- Practicing at Toastmasters Clubs - a very common practice these days, even by folks who've only won their club level. You want feedback, and that's great. Be careful how you take the feedback, and what you do with the feedback. At the end of the day, you're the one who has to give the speech. I've heard many who've done the 'club tour' say they wouldn't do it again, that it can be overwhelming, and even paralyzing. Personally, I don't practice outside my club during the first four levels - club to district. I want the speech to remain fresh in my mind, the judges mind, and the audiences mind. So consider the pros and cons in your approach, and choose your clubs, and your feedback, wisely.
- Who's the Competition? - I'm known for knowing my competition - attending the competitions so that I won't be surprised by any of the speeches I'll be facing. I try to keep a low profile, but I'll also step in as a timer or a vote-counter if they are struggling for volunteers. Of course, just because you see a speech at Area doesn't mean they'll give the same one at Division, so you can't ever try to write your speech 'against' someone else's, and the competition is usually so diverse that that approach would be like chasing rabbits. You don't need to know your competition, and most contestants I've met don't really 'scope out' the competition. Do what makes YOU comfortable.
- Know the Venue, and the Viewers - show up early! Even if you've competed in the exact room before, it may be set up differently. Know what to expect sound-wise. Walk the stage. Give your speech to an empty room if you're the first one there. When people come in, greet them. Don't tell them you're a contestant, just talk to them, take an interest in them. Be real, and connect. It's a lot easier competing in front of an audience of friends than an audience of strangers. (Another reason, by the way, to go to the other competition - to meet more people you don't know that you'll want to know later on.)
- Coaching - it wasn't that long ago I heard debates about whether coaching was even ethical in this competition. That has died down quite a bit over the last decade, and most, if not all, serious competitors have a coach, or even a coaching TEAM.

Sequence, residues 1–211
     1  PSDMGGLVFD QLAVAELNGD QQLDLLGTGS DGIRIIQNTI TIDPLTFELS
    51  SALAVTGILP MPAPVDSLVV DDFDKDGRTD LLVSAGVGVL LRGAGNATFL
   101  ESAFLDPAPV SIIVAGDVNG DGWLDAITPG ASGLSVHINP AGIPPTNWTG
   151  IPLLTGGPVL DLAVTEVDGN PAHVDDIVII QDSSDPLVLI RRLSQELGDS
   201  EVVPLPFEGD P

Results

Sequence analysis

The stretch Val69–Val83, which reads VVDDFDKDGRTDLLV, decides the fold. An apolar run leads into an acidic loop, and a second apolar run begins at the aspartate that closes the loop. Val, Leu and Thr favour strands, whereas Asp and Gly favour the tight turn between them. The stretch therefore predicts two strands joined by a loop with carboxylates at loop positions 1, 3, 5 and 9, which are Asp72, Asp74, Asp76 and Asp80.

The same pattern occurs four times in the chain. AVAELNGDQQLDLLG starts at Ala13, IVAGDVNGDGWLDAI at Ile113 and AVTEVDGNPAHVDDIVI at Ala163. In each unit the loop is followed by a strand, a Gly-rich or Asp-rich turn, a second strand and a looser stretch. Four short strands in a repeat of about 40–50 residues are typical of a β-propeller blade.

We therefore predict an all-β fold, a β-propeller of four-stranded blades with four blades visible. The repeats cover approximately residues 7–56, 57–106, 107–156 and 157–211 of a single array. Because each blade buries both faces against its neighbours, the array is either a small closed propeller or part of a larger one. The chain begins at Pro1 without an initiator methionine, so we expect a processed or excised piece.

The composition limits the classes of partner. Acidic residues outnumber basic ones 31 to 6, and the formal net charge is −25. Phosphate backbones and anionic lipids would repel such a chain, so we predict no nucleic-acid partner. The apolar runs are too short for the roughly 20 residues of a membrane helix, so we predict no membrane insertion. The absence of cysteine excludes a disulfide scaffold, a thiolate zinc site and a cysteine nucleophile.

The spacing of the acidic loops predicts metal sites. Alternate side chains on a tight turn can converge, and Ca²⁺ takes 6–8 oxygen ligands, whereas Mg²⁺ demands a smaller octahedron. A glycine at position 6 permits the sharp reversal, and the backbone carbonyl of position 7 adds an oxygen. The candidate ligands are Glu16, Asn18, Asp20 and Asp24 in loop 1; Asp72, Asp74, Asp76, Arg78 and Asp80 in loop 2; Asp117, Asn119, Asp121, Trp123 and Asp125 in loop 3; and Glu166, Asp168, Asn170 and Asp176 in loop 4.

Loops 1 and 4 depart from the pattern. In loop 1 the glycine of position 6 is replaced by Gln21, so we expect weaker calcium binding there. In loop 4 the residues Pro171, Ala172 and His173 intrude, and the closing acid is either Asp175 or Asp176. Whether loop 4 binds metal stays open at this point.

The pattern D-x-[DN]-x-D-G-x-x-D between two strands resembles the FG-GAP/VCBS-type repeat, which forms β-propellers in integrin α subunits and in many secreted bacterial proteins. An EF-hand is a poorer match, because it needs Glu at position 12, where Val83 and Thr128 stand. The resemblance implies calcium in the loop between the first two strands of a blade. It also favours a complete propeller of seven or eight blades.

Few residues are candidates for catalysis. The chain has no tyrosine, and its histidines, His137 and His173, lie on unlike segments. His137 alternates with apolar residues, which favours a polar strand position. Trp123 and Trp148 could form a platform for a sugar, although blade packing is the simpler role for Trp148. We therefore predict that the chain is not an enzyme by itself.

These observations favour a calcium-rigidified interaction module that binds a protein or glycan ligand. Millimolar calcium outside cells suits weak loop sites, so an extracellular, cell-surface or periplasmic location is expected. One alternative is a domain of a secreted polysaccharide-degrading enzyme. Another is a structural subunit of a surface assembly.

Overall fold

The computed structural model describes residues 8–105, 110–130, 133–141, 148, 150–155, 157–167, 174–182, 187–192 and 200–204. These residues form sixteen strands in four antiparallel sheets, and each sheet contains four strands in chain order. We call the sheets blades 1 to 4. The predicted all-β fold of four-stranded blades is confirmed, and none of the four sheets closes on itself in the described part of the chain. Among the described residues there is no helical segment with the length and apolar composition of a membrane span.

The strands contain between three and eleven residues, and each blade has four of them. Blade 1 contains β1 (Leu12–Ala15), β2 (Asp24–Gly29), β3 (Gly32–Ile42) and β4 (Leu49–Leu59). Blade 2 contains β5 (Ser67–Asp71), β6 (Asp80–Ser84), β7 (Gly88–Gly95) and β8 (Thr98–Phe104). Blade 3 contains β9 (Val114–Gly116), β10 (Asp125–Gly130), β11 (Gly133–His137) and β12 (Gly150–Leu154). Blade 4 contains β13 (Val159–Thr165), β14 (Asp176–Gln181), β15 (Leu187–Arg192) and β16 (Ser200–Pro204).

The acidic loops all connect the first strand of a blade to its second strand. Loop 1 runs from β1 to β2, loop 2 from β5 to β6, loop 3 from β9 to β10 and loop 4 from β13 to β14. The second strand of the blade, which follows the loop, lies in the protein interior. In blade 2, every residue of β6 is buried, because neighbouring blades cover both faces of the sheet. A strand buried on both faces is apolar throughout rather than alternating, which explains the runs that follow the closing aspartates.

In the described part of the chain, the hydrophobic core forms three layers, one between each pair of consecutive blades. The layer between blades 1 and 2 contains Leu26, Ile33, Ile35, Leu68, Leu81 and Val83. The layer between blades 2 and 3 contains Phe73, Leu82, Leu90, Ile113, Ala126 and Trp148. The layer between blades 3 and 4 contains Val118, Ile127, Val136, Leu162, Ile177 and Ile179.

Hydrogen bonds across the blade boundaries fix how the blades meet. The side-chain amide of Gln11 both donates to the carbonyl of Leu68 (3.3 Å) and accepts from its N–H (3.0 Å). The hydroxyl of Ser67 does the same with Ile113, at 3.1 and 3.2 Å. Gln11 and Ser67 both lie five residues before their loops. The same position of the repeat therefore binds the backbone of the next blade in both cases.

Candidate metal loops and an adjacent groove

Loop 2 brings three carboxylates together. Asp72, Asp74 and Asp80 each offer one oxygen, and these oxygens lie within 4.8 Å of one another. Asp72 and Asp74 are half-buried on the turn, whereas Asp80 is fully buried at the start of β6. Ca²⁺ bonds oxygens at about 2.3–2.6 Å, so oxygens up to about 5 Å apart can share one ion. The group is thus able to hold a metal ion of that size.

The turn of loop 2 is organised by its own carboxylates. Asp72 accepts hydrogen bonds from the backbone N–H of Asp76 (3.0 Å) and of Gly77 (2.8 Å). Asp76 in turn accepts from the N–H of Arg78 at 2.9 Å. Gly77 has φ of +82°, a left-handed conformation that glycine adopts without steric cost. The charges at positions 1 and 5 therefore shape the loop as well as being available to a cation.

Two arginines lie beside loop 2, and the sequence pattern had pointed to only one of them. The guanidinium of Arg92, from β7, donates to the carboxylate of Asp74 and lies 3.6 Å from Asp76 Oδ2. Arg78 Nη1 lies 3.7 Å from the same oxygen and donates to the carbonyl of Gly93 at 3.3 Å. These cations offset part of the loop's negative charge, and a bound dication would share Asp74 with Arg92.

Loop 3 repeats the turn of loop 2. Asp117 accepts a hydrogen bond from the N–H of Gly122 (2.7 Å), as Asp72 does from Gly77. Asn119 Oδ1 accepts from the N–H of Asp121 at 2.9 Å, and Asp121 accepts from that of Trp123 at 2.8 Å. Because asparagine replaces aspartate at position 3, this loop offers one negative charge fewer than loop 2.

Finding a coach isn't that hard - there are plenty of people in your District, heck, maybe in your club, that can help you. Past Champions are often available to coach you (prices may vary). Even past competitors, like Dilip Abayasakera and Maureen Zappala coach contestants. Of course, I do as well.
If you choose to pursue a more formal coaching agreement, make sure expectations are set, that personalities mesh, and that the coach has something to offer that you might find yourself a bit concerned about on your own - be it humor, stage presence, or storytelling.
A Final Word
Just like Toastmasters itself, you'll usually get as much out of the contests as you put in, in terms of growth, energy, and joy. If you go in only for the gold (or acrylic) trophy, you'll likely come home with nothing but disappointment in the long run, and even risk becoming bitter and resentful towards an organization that works to uplift and support all involved. I've watched it happen - people blame the judges, the venue, the audience - anything but themselves in this contest. I've done it myself.
Compete for yourself - for growth, for experience, for FUN - and you'll get that regardless of how the judges rank you. Yes, you always want to strive for the best when you Speak & Deliver, but when all is said and done, prepare to Win, and Win Anyway!
Bonus Video - Dananjaya's speech, if you haven't seen it yet.....